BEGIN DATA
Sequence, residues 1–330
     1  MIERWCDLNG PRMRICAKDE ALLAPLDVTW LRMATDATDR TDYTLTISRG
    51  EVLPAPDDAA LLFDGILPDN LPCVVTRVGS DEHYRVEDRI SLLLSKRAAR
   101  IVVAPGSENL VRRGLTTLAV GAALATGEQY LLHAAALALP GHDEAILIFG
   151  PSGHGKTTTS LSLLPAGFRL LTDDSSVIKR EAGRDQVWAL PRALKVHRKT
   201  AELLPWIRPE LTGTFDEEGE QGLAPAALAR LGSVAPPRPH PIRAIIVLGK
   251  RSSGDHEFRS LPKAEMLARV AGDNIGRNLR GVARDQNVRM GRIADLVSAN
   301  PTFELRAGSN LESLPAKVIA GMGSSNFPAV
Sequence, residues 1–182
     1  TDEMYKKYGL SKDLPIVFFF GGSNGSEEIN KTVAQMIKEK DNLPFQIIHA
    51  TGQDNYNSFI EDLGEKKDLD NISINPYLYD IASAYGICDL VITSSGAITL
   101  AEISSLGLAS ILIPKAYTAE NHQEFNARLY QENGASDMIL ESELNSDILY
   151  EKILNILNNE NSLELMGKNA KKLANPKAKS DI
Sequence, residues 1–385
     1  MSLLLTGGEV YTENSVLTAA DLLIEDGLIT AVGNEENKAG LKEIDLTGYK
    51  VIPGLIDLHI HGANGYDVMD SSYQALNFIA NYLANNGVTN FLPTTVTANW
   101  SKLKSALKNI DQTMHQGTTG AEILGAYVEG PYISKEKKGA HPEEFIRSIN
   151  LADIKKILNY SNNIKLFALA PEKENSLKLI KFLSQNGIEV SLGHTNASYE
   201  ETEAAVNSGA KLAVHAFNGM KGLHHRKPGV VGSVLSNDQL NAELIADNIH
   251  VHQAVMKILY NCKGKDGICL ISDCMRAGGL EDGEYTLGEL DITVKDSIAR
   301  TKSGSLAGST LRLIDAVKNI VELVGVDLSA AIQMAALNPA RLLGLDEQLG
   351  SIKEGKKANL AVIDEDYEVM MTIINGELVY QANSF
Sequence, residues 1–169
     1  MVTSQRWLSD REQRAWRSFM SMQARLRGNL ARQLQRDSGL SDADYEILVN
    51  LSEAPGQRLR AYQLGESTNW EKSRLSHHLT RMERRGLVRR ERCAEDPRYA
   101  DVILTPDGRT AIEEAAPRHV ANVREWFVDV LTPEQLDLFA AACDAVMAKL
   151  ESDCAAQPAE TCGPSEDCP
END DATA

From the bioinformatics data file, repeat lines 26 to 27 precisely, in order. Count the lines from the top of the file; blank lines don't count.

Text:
   101  DVILTPDGRT AIEEAAPRHV ANVREWFVDV LTPEQLDLFA AACDAVMAKL
   151  ESDCAAQPAE TCGPSEDCP